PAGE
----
For most of the state of Maryland, firearm deer season reopens Jan. 8-10. I had the opportunity to speak with Brian Eyler Deer Project Leader of the state Department of Natural Resources. Eyler has a ties to the Eastern Shore and has an affinity for the hunting in this part of Maryland.
Pencek: It has been referred to as an “extension” of firearm season. Why does Maryland do this?
Eyler: We actually started this over 10 years ago. It adds a recreational opportunity for hunters. It also gives us a way to better manage deer. We’ve been struggling with too many deer in parts of the state. Hunting is our most effective tool. It gives hunters another opportunity to get a deer and helps us control the population.
The good thing about this season, come January we see a lot of antlerless harvest, female and doe. It helps us with the population. There is a higher percentage of antlerless deer taken. It’s a win-win from our standpoint. I really wouldn’t call it an extension since we’ve been doing it for so long.
Pencek: How does the Eastern Shore compare to the other parts of the state?
Eyler: I would rate the Eastern Shore from a deer population as moderately high. The western part of the state; Garrett, Allegany, and western Washington counties, we have a good handle on the deer population. A lot of hunters will tell us we have too few deer in those parts. In the middle part of the state, the urban and suburban, especially that corridor between Baltimore and Washington still way too many. That’s a struggle to manage.
The Eastern Shore and southern Maryland on the Western Shore have a lot of access for hunters, but still a lot of private land. We still get a lot of complaints from farmers particularly about crop damage and that there is just too many deer. On the other hand, we hear from a lot of hunters that we have reduced deer numbers on the Eastern Shore and there is not as many as there once was. I still think we have plenty of deer on the Shore but not as bad as other areas in the state.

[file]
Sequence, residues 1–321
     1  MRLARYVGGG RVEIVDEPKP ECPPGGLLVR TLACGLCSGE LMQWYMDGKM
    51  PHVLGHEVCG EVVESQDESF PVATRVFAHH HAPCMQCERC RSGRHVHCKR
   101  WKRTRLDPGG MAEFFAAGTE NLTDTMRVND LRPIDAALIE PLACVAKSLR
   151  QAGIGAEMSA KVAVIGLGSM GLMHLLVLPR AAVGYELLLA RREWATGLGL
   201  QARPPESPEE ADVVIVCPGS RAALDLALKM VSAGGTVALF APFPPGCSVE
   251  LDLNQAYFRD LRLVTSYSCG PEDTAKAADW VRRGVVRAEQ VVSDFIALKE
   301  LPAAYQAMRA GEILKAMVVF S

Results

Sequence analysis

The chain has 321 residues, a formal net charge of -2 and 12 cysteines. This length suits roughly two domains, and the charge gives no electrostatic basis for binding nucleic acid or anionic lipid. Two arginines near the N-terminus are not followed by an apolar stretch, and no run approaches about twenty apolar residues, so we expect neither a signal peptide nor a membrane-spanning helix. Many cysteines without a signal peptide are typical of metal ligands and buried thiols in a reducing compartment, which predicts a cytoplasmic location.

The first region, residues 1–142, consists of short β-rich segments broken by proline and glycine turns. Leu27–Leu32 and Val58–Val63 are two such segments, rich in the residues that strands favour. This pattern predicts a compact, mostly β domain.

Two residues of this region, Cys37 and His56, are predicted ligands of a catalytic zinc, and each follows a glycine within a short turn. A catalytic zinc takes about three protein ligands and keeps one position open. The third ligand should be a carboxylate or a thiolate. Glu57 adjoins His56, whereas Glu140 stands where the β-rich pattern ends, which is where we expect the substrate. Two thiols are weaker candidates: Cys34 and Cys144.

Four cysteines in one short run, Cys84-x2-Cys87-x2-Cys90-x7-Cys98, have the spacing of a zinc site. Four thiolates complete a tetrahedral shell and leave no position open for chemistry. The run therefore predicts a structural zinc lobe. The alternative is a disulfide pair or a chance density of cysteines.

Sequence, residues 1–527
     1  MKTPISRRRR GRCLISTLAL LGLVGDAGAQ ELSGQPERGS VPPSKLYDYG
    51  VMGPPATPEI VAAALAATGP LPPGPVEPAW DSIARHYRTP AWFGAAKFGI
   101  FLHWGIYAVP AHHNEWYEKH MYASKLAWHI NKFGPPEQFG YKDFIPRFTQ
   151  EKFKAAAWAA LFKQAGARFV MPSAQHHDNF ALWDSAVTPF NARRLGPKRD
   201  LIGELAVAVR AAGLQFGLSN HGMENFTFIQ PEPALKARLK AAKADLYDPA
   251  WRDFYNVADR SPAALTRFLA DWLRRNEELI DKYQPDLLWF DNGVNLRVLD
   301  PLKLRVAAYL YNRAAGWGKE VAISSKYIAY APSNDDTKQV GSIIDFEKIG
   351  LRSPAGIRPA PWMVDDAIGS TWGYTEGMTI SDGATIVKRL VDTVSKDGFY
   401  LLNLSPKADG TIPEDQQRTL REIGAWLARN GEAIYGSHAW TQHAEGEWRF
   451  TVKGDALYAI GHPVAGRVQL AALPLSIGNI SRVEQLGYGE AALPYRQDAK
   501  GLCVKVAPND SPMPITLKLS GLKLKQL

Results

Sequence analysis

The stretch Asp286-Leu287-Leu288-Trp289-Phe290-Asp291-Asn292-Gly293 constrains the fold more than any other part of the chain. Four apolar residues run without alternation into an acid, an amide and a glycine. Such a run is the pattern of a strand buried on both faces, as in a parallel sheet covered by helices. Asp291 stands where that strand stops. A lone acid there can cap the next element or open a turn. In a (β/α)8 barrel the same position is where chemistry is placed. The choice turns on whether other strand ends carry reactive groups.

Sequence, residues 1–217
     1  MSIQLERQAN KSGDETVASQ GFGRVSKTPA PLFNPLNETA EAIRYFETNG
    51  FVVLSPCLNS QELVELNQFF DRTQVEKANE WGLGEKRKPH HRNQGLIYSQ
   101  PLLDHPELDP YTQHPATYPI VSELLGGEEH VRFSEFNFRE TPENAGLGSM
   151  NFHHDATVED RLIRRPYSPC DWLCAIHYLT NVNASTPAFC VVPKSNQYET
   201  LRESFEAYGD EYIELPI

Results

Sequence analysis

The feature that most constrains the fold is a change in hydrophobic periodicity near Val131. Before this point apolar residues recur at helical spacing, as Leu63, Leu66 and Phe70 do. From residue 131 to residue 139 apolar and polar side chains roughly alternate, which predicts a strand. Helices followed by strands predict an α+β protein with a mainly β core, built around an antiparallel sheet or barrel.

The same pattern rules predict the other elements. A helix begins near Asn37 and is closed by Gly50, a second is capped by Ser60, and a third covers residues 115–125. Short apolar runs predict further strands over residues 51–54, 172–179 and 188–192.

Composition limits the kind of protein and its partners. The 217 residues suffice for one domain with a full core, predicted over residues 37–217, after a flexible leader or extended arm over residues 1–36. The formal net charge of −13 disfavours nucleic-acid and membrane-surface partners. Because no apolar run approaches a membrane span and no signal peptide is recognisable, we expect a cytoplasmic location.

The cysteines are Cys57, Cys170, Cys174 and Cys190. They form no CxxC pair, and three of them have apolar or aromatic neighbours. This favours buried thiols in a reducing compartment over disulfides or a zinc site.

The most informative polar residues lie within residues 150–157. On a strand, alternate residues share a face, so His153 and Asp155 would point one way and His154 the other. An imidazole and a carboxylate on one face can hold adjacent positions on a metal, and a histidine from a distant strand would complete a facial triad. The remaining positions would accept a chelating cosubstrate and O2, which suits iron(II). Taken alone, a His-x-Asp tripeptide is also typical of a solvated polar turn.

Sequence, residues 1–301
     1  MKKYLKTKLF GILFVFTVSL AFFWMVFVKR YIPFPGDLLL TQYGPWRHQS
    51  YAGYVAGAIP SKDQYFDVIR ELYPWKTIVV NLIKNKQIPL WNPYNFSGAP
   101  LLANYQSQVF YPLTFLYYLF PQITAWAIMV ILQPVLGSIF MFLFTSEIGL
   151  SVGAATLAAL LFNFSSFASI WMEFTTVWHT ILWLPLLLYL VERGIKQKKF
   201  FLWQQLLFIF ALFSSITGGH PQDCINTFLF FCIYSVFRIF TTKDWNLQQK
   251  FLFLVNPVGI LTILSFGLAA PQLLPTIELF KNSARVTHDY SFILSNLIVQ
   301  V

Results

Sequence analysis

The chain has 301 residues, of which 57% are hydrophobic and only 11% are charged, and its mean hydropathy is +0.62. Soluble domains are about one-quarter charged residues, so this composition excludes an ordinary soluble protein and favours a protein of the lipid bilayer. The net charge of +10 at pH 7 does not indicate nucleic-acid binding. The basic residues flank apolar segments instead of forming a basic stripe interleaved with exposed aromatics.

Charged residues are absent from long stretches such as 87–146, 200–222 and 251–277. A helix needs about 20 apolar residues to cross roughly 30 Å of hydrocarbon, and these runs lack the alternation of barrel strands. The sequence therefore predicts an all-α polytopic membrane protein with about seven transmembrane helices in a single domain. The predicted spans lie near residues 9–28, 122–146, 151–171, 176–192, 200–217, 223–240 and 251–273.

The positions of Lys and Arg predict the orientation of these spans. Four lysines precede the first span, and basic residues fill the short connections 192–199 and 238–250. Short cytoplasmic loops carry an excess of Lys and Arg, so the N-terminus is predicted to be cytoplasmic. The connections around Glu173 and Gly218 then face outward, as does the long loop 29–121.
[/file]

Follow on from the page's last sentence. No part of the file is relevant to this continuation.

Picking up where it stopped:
Pencek: How long have you been with the DNR?
Eyler: I have been with the DNR for 13 years. I got my masters for the University of Maryland Eastern Shore. As part of that I did a project on white tail deer in Dorchester County.
Pencek: That sounds to me as if the outdoors have a been a big part of your life for a longtime.
Eyler: Most definitely. I grew up a hunter. I went to Penn State and got my undergrad in Wildlife and Fishery Science. I got into that program because of my interest in the outdoors and hunting. Early on I got into deer projects as an undergrad.
Unfortunately, I don’t hunt as much as I used to do.
Pencek: What is your opinion of the outdoor scene on the Eastern Shore compared to other areas you have experienced?
Eyler: From a hunting perspective, little old Maryland has some of the best deer hunting in the country. I’m not just saying that because I work for DNR. Deer quality, if you want to call it that, is largely dictated by habitat. Part of that is soil type. Around the Chesapeake Bay we have coastal plain soils and they are some of the best soils of the country for big deer and a lot of deer. When you mix that with all of the prime agriculture land, corn and soybeans particularly, we have some of the best deer in the country.
We don’t get the recognition of some of the bigger states. People talk about going out west to hunt in Illinois, Iowa, Kansas, etc. We really have some good deer hunting in Maryland. We had a top 25 in the world class buck that was taken about 10 years ago. Our state produces a lot of nice deer.